Ignoring the problems will only make them worse.

By now almost everyone has seen the images of millions of travelers and their luggage, stranded on Christmas weekend 2022, as Southwest Airlines experienced a major meltdown.  Most of the US faced unprecedented cold weather and snow, however, none of the other major airlines faced significant cancellations.  Why was this catastrophe limited to Southwest Airlines?

The answer seems to lie in the decades-old crew scheduling systems and software that Southwest has refused to update.  Southwest has been aware of this issue for many years and has refused to listen to update requests from their pilots and flight attendant unions.  It appears this system was a house of cards waiting to fall, and the weather on Christmas weekend 2022 was just the breeze it took to knock it all down.

This isn’t Southwest’s first technology-related meltdown.  In July 2016, Southwest Airlines experienced a computer system outage that caused widespread flight delays and cancellations. The issue was caused by a failure in the airline’s router, which led to a cascade of problems including the failure of multiple systems that rely on the router. There was no redundancy.

What can the water and wastewater industry learn from Southwest’s mistakes?  As the smoke clears, the answers and lessons will be plenty, but right now, let’s take a glance at what we can glean.

Rip off the Band-Aid.  Before a municipality can invest in public infrastructure, they need to invest in internal infrastructure.  Spending money and implementing software & IT equipment can be expensive, burdensome, and sometimes painful.  But the realization is that we can only kick the can down the road so far.  Without proper data and asset management resources in place, it’s only a matter of time before disaster strikes.  When it does, the best-case scenario is that it’s embarrassing and expensive.  The worst-case scenario can involve loss of private property or life.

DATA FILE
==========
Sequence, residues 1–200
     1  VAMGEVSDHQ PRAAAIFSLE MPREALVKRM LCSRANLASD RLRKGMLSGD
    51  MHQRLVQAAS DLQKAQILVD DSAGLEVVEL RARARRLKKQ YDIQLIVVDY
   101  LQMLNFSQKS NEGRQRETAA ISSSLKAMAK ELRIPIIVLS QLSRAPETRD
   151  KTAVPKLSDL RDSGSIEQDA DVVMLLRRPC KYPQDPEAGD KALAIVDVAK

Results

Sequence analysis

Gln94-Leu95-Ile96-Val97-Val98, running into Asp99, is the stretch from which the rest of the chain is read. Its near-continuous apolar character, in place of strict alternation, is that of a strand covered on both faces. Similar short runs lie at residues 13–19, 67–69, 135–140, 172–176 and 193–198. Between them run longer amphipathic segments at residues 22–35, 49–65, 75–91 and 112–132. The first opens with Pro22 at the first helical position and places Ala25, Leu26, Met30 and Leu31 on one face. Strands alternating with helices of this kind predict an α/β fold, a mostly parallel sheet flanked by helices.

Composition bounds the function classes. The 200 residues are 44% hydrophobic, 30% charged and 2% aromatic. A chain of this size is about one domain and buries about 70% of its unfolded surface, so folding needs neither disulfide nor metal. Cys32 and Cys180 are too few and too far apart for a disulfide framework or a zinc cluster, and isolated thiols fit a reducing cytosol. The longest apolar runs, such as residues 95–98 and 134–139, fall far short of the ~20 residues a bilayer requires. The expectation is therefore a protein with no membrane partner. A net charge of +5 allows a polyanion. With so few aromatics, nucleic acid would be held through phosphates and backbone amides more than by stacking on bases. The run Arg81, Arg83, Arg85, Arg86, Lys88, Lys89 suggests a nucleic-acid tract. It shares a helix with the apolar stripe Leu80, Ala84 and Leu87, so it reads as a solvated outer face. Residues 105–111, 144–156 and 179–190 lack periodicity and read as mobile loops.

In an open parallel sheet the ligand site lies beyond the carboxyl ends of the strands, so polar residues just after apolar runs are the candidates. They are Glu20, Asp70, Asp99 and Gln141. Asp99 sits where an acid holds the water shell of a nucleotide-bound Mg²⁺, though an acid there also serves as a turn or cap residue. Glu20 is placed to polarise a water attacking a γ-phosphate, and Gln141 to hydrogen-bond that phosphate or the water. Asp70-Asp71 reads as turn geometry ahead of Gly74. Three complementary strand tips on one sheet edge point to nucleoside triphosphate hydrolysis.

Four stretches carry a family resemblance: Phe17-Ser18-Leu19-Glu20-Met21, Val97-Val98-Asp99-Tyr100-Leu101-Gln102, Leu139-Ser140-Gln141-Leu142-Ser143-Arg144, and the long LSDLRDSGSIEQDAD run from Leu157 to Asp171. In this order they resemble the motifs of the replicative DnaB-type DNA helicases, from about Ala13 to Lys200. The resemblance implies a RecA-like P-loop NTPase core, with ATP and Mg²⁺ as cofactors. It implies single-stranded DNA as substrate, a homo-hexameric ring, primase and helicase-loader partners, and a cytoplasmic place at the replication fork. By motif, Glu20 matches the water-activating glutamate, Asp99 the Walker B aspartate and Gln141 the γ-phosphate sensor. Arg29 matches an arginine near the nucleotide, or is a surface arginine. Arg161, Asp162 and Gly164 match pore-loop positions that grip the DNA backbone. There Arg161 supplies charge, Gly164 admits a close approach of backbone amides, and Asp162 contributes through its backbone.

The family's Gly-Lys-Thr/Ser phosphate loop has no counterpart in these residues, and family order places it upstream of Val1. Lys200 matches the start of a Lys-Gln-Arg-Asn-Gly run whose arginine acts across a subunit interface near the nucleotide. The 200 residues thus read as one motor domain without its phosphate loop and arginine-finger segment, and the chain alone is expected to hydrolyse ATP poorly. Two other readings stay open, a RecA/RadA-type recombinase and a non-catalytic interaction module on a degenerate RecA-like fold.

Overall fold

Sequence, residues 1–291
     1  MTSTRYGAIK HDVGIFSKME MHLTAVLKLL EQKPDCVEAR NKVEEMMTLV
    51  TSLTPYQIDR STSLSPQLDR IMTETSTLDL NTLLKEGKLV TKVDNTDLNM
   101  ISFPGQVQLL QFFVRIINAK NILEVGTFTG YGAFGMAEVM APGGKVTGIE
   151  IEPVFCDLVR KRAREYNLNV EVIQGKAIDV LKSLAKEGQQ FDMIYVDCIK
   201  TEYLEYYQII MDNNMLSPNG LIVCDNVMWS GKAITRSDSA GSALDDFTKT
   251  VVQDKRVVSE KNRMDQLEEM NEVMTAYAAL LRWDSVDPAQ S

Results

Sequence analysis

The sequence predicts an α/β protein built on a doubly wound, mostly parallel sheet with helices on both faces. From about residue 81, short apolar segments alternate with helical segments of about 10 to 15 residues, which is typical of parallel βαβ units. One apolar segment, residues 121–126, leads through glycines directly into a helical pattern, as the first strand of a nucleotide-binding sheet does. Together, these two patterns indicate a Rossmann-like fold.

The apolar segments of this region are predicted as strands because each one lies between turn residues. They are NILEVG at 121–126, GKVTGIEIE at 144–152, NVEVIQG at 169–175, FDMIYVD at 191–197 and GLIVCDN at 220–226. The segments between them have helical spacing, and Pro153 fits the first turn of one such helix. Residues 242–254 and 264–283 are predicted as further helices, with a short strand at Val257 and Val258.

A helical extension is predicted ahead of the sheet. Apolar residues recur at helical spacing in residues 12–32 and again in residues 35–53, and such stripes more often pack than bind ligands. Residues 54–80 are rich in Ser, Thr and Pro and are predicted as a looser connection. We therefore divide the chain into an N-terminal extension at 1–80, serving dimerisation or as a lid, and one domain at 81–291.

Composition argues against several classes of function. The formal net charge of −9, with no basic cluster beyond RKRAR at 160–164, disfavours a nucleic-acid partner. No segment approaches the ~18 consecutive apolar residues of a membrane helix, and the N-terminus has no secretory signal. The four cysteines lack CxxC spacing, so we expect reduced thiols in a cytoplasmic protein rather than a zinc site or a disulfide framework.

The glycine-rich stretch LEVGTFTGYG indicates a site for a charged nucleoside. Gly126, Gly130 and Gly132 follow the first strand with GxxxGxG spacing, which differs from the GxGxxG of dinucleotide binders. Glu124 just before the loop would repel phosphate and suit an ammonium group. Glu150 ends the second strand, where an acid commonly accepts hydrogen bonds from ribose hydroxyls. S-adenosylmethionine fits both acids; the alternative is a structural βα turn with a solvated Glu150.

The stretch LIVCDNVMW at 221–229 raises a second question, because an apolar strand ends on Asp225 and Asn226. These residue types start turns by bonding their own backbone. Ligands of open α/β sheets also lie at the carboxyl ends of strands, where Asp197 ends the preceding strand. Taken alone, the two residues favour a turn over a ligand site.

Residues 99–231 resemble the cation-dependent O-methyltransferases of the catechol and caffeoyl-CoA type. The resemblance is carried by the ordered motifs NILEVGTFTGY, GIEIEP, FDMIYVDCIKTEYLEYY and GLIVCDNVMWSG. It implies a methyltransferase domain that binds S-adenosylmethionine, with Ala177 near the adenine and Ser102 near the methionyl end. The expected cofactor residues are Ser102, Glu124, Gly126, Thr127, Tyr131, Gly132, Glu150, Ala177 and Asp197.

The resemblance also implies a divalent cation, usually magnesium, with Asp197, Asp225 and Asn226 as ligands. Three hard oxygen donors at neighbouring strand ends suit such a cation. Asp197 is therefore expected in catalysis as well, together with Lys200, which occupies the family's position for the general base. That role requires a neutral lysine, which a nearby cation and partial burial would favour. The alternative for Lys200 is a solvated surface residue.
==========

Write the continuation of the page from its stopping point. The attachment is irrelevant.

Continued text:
Desktop software doesn’t age well.  Software as a Service (Saas) helps avoid antiquated software scenarios. First, the SaaS provider is responsible for maintaining and updating the software, which alleviates the burden for in-house IT teams and assures clients of the latest version of the software. Second, SaaS applications can be accessed from any device with an internet connection, making it easy for employees to work remotely or from multiple locations. Third, SaaS applications can often be easily integrated with other software tools and systems, streamlining workflows and increasing efficiency.

On-premise servers might not be your best option. Many agencies are realizing that cloud servers can help keep things running smoothly.  The first advantage is disaster recovery.  Cloud servers are easily set to be backed up in multiple locations.  So, in case of a disaster or outage, business operations can continue without interruption.  The second advantage is scalability.  Cloud servers can be easily scaled up or down to accommodate changes in demand, making it easy for agencies to adjust their resources as needed.  And let’s not forget about security. Cloud providers like AWS often have robust security measures in place to protect customer data and ensure compliance with regulations.  Lately, many municipal agencies have been the target of ransomware.  In ITpipes’ experience, it was only clients who were using on-premise servers who had damages from the ransomware.

As Eleanor Roosevelt said… “Learn from the mistakes of others. You can’t live long enough to make them all yourself”.

As 2023 rolls in, don’t make the same mistakes you were making in 2022. Interested in seeing how ITpipes has helped hundreds of municipal agencies avoid their own disaster? Schedule a virtual demonstration.